Thursday, January 31, 2013

Communication 103: Speaking to a Group

I studied public speaking in college. I learned that all but 5% of the population would rather die than give a public speech.

It's a fair fact that not everyone likes to speak in the public whether it is in front of 5 people or 5,000. I don't like performing sports; to dance across the stage for a ballet would be shaming; and to present a whiz-bang business plan for a Fortune 500 company would have me dripping sweat. For me, public speaking is a piece of cake and a thrill ride! So, perhaps we can help one another out. I need people who will help me with financial details so perhaps in turn I can share a little of what I've learned over the 20 years I've been speaking on the actual and proverbial stage.

Communication is something everyone does with or without words. But if you have been given a message that others need to hear, to not speak in public is a dis-service to yourself as well as those who need your information.

  • Start with an Outline: Have a message clearly outlined in bullet or outline form. The outline should include an Introduction which will address what your presentation is about and something that will win the interest and attention of the audience at the very beginning. The Body will be where your main substance is; identify the top two to three points you want to convey to your audience with a couple points each; the Conclusion is where you should restate your initial point and end on a thought for them to chew on, after your presentation is over.
  • Prepare by Studying Your Audience ahead of time (see examples in parenthesis): 
    • Learn about your audience ahead of your presentation. What is the age composition? (are you speaking to high school students or senior citizens.) 
    • How familiar are they with your subject? (If you are speaking on coal industry to a music class in downtown Chicago, it's most likely they are clueless on the subject; miners in mining country will understand it extensively so make sure you present information that is new to them which will also demonstrate your credibility.) 
    • What is the hoped for outcome or goal for the presentation? (Were  you asked to convince college students to visit a third world country, or convince them not to? Frame your speech to that end.) 
    • How long is their attention span and learning threshold? (Congrats on achieving your doctorate but grade school children are not going to know the use of your big, convoluted words. Try something a lot simpler in your presentation.)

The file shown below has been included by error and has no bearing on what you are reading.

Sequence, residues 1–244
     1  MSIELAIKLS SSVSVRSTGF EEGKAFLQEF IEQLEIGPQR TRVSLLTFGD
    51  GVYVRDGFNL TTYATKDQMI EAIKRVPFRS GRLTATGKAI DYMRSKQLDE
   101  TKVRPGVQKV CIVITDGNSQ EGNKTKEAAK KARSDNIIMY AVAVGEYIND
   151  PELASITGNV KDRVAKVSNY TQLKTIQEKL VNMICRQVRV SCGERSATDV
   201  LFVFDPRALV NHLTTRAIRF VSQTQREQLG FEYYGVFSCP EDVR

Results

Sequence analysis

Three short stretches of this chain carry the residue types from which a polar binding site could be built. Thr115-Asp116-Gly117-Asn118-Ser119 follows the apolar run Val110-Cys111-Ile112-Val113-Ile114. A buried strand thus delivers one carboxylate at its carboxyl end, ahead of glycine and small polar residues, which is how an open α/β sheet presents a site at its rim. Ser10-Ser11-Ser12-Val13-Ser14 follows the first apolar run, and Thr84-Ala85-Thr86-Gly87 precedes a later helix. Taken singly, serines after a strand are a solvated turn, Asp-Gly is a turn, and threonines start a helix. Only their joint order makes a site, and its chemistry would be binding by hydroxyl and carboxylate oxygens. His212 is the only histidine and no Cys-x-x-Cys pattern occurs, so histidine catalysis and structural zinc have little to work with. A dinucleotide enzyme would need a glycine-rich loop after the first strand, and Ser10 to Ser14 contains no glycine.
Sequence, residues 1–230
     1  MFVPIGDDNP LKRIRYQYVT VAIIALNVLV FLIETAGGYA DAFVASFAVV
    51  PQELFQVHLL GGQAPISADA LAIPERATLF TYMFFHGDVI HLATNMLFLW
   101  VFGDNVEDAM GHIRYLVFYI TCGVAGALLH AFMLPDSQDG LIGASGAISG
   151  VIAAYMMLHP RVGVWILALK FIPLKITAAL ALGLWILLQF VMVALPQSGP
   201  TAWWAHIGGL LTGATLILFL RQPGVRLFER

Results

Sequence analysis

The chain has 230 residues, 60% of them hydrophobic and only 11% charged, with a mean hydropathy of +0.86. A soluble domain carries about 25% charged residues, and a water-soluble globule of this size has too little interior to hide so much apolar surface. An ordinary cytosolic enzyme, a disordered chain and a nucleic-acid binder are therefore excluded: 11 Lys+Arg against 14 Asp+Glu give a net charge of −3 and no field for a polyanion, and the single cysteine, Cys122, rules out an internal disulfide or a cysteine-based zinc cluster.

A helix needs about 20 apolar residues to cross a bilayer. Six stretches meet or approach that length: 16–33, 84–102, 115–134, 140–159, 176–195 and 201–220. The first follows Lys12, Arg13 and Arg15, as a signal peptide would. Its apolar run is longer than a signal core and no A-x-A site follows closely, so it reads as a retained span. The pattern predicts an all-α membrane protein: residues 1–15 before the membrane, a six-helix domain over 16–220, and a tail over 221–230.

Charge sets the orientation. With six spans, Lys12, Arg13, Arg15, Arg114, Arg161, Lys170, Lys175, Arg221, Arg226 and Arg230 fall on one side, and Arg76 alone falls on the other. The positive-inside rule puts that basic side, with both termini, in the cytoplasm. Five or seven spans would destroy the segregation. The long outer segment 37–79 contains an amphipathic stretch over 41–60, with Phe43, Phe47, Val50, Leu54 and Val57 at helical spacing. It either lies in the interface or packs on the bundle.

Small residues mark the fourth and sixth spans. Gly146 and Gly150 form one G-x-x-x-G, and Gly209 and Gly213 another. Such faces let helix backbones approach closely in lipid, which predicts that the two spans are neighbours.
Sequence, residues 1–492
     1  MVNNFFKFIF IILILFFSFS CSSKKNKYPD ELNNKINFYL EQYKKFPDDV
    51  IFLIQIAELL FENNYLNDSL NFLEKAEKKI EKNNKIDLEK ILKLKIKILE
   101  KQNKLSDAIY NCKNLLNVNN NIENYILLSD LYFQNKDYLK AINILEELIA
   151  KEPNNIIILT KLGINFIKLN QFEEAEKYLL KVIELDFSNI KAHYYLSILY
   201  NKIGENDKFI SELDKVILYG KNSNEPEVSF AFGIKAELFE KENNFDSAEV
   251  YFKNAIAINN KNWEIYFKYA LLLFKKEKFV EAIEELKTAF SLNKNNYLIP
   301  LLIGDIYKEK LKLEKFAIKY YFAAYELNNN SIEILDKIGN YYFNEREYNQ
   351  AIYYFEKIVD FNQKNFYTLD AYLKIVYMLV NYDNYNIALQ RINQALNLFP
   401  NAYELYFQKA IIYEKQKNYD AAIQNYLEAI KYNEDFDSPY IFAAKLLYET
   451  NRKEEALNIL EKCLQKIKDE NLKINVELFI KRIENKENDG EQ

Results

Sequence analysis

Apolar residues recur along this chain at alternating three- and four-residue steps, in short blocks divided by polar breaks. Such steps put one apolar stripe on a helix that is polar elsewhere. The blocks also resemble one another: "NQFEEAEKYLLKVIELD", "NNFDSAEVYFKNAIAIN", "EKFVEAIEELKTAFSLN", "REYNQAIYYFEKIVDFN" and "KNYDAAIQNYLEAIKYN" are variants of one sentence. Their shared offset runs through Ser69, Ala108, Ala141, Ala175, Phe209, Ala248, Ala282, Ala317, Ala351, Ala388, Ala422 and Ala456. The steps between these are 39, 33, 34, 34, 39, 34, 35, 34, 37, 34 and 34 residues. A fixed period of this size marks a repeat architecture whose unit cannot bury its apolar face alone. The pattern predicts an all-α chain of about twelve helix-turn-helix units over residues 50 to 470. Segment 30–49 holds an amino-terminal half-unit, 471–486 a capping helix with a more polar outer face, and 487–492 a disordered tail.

• Know Your Atmosphere: What is the atmosphere of where you are speaking? Is it a solemn moment then do not attempt to garner laughter. Are you asked to speak to 5 people in an auditorium with room for 10,000? Will it be outside in the bustle of the city with lots of distractions? Do your best to understand things ahead of time and then adjust your speaking "venue" or space to the desired goal. (If you have been asked to speak to a group outdoors, ask if you could speak in a private part of the public park. If you are asked to speak to a huge audience in a small space, ask if you can transition to the hallway and make things comfortable and relaxed yet with room to breathe.)
  • Use stories and personal experiences. Stories have this uncanny ability to capture people's attention, convey a point in an engaging way and allow your audience to visit a personal and vulnerable side of you. Choose your stories carefully. If you are missing stories from your own history, then find one from someone else that applies to your point. Adjust the story so that it is engaging, not too detailed which causes it to drag out too long, and always make sure it is presented with integrity, honestly reflecting the actual story. Personal stories define truth. And to mis-use that story can cause great distrust and lack of credibility once the audience discovers the narrative was skewed to accomplish a certain point. Be wise and careful yet have fun with it as well! These can be the best parts of a speech. 
Goodness! Way too many words for this post. I'll leave you with the above points and come back for more tips later. 

Don't be afraid of public speaking anymore. But instead, embrace it! 

You can email me with questions at